Plastic packaging is very common in the food industry because it helps preserve and protect food better than most other options. The plastic used for food packaging must be in accordance with these rules and regulations for polymers.
Again, it’s a long list of different materials and the uses they are approved for under certain limitations in food contact applications. Here’s a link to check out the regulations regarding polymers.
Adjuvants, Production Aids, and Sanitizers (21 CFR 178)
In this section, you’ll find another long list of approved chemicals and substances that are considered safe for food contact surfaces. This specifically highlights chemicals used for sanitizing or enhancing production. This section affects what chemicals and substances you can use to create or clean packaging supplies for food contact. It includes substances like castor oil, emulsifiers, corrosion inhibitors, lubricants, and waxes.
During the manufacturing process, packaging can be enhanced with certain materials. It can also come into contact with chemicals that are designed to sanitize or prepare it for food products. These chemicals are regulated by the FD&C Act to ensure they are safe for indirect or direct food contact. Here’s a link to the list of approved chemicals and their limitations regarding sanitizers and production aids.
Irradiation in the Production, Processing and Handling of Food (21 CFR 179)
This final section defines what is considered safe or appropriate when using radiation around food. It outlines regulations for sourcing radiation used in food inspection or processing, ionizing radiation for treating food, radiofrequency radiation for heating food, ultraviolet radiation for processing food, pulsed light for treating food, and carbon dioxide laser for etching food.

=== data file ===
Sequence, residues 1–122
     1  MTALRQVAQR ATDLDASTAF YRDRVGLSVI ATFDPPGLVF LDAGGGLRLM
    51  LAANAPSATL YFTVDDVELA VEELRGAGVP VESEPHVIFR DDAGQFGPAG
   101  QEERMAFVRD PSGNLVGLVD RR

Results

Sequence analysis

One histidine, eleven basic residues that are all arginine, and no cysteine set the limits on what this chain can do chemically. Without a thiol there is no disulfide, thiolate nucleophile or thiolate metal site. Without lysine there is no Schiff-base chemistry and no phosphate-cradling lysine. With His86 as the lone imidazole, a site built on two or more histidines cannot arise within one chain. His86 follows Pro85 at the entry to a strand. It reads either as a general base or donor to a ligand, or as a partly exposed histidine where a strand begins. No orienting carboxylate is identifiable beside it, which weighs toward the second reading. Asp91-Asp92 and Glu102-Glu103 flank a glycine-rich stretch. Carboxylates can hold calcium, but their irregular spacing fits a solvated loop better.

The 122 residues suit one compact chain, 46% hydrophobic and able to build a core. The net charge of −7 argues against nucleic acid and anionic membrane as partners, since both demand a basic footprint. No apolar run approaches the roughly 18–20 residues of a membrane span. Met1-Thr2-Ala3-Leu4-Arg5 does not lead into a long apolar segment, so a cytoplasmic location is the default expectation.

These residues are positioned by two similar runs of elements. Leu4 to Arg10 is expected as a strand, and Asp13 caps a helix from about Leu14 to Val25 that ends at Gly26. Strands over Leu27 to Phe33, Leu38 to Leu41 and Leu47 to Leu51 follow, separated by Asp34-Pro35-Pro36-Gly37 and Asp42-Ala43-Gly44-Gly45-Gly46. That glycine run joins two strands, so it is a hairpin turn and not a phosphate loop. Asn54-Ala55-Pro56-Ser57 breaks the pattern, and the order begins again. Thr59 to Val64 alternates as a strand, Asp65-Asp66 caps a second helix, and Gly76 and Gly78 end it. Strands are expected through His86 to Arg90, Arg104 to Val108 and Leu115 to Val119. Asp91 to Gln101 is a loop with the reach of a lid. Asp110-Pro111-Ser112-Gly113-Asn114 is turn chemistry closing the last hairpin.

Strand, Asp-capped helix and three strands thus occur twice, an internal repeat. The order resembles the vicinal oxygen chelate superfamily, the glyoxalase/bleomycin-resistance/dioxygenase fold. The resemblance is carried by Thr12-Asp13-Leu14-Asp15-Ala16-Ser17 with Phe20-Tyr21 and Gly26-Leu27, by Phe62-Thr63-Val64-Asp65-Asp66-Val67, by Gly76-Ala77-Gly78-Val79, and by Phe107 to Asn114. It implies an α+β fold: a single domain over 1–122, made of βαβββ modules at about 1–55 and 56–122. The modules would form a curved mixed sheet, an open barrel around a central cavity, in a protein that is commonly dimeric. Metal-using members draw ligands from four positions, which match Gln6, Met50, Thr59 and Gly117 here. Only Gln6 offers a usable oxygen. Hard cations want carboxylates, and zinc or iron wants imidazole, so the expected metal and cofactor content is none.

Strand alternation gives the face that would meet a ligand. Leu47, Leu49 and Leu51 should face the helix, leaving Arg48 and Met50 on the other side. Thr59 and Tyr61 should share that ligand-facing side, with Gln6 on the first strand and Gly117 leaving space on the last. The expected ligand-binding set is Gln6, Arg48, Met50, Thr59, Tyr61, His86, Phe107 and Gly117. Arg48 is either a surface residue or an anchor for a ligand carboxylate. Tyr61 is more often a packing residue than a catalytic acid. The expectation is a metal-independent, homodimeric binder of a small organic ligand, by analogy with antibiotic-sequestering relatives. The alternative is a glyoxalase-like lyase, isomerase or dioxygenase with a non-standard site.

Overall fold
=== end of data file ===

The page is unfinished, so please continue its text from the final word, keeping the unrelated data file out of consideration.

Radiation is used in the production, processing, and handling of many food products. It is limited by this section of the act in terms of what types of radiation are acceptable and how much radiation can be used for any food processes. Some packaging may be subject to irradiation treatment and processes, especially if the packaging is used for pre-packaged foods. This means that packaging must also comply with the rules unless given an exemption.
Some common uses of radiation in the food industry include controlling the growth and maturation of fresh foods, the disinfestation of pests in food, disinfecting dry or dehydrated vegetables, controlling food-borne pathogens, sterilizing frozen packaged goods, and much more.
Environmental Regulations (21 CFR Part 25)
The National Environmental Policy Act of 1969 (NEPA) states that policies and regulations created by the United States must be interpreted and administered in accordance with the policies outlined in NEPA to the fullest extent. This means that all agencies of the Federal Government, including the FDA, should comply with procedures described in NEPA, except where compliance would go against other legal requirements.
Because the FDA controls packaging regulations for food and must follow the NEPA policies, they are required to evaluate the environmental impact of food packaging. This also means that the FDA must ensure that packaging materials are compliant with regulations imposed by the Environmental Protection Agency (EPA).
The FDA aims to follow these policies by requiring all food packaging clearances to include and Environmental Assessment (EA) followed by a Finding of No Significant Impact (FONSI). Food packaging must receive full clearance by the FDA in terms of environmental impact.
The FDA mainly looks at the way packaging materials are used and disposed of in terms of their environmental impact. In particular, they look closely at the recyclability of the packaging being used. In order to gain approval for materials in packaging that are not easily recycled, a company must present reasonable evidence for why their product requires something specific. Should the company fail to provide reasonable evidence, the FDA will require them to redesign their packaging using more eco-friendly materials due to NEPA policies.
We hope this article has helped you understand where food packaging regulations come from and how the government is involved in creating rules for safe practices. There are obviously other packaging regulations that come into play, but the Federal Food, Drug, and Cosmetic Act (FD&C Act) is one of the major players involved in regulating packaging. Feel free to explore the links below to look at the different sections of the FD&C Act we discussed. If you have any questions about a product on our site and whether it complies with government regulations, feel free to call or send us a message.